Kung Fury: Street Rage
If you’ve seen Kung Fury, you’ll know what to expect from Kung Fury: Street Rage. This loving tribute to the insane flamboyance of the ‘80s sees you roaming around a gloomy 2.5D city beating the living daylights out of hundreds of stupid goons.
It’s reminiscent of Double Dragon and that whole generation of arcade beat-em-ups, but cranked up to the max. Not only will you perform backflip kicks and point blank handgun executions, but you’ll play as a lady barbarian with a mini-gun, a killer robot with a TV for a face, and a dude with the head of a triceratops. Also, there are unicorns. And Thor. Get it here.
It was Temple Run that introduced the world to the joyous concept of 3D auto-running, but Minion Rush is arguably the best example of the genre. There’s just something about minions that dovetails perfectly with hurtling inexorably into terrible danger.
Gameloft’s highly polished film licence sees you running headlong into the screen in the shoes of a cheerful minion. You’re always half a second from death as you jump, duck, and swipe between three lanes to collect or dodge whatever comes at you. Packed with fun gameplay, adorable animations, and hilarious cut-scenes, Minion Rush is the Despicable Me spin-off of choice. Get it here.
Angry Birds Star Wars
Okay, so Angry Birds Star Wars isn’t the most faithful film licence in the world. In fact, let’s be honest: it’s just Angry Birds but with a Star Wars costume on.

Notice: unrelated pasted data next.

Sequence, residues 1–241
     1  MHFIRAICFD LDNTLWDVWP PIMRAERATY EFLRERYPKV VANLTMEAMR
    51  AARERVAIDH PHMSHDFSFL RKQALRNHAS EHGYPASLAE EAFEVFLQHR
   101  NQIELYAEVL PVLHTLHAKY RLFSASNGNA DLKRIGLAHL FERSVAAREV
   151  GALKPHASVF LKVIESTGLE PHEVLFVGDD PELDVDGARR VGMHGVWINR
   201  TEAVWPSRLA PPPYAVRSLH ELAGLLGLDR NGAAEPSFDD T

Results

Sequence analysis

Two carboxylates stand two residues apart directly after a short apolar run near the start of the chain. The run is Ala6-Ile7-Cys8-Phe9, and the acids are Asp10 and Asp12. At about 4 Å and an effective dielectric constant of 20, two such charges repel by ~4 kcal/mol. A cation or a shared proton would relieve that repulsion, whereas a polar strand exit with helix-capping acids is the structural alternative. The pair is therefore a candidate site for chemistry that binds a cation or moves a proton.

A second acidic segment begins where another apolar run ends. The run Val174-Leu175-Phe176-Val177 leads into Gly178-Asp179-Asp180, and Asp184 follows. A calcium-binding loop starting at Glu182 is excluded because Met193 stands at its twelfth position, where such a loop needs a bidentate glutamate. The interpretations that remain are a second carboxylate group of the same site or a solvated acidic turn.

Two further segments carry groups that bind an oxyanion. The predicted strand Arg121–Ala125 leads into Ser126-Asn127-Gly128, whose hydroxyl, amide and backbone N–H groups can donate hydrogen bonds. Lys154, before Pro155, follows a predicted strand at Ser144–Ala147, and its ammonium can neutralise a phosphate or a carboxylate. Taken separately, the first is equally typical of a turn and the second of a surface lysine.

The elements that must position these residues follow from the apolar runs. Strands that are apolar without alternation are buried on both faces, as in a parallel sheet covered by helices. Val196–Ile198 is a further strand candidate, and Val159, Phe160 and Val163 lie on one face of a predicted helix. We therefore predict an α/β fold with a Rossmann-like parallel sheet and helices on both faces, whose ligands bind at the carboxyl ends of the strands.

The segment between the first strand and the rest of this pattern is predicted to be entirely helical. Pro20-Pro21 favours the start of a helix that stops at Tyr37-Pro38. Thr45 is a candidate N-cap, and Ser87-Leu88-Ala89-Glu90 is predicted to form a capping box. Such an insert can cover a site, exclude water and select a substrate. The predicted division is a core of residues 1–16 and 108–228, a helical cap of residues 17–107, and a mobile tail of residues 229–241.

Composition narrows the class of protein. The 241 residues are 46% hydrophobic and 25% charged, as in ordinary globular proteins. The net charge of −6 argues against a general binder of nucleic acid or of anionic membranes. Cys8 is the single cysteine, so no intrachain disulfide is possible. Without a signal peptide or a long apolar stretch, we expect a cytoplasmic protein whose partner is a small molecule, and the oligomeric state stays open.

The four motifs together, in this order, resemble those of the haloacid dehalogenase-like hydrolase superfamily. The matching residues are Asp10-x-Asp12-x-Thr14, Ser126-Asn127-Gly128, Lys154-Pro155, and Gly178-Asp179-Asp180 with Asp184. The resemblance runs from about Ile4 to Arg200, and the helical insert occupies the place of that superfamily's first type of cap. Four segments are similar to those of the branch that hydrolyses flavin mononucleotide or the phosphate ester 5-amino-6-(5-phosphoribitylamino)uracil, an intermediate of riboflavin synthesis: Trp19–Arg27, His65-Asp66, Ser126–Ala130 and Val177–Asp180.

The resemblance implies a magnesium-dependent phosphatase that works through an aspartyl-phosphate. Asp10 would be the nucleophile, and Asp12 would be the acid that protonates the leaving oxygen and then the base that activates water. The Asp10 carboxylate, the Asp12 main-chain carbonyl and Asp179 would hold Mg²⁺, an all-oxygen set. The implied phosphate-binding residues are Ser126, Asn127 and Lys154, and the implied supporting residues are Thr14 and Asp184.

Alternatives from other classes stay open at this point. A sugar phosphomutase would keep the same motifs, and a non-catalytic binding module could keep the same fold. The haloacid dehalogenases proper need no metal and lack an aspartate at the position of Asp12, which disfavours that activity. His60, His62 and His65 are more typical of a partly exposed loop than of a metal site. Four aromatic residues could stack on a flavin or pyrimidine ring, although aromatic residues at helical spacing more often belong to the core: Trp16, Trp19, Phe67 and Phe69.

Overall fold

However, we think it merits a place on this list because of the stellar job it does recreating the atmosphere of the classic movie series in the unlikely environment of a game about hurling birds at pigs.
Angry Birds Star Wars pays loving homage to the Star Wars universe, with artfully designed settings and sound effects lifted from the films, but it also includes a stonking dose of its own characteristic Angry Birds style and humour. The result is surprisingly great. Get it here.
Strangers Things: The Game had a slightly unpromising start in life, in that it was effectively created as part of the marketing effort for season two of Stranger Things. But don’t let that put you off, because the executive who farmed the job out to a developer made an excellent choice in veteran studio BonusXP.
The result is an ultra-stylish retro adventure game set in the 80s and made in the 8-bit style. You play as the cast as you explore an authentically blocky Hawkins, Indiana solving puzzles and collecting vintage items. It’s free, and it’s brilliant whether or not you like the TV show. Get it here.
Jurassic Park Builder
The vast majority of Jurassic Park games, or dinosaur games generally for that matter, are about running away from and/or killing the fearsome reptilian monsters that once ruled our planet. Jurassic Park Builder is different.
Focusing instead on the less immediately thrilling activity of park management, this addictive management sim from Ludia sees you collecting and cultivating more than a hundred dinosaur species from land and sea. At the same time you’ll have to keep your park in tip top shape and your guests entertained and, if possible, alive. Get it here.
South Park: Phone Destroyer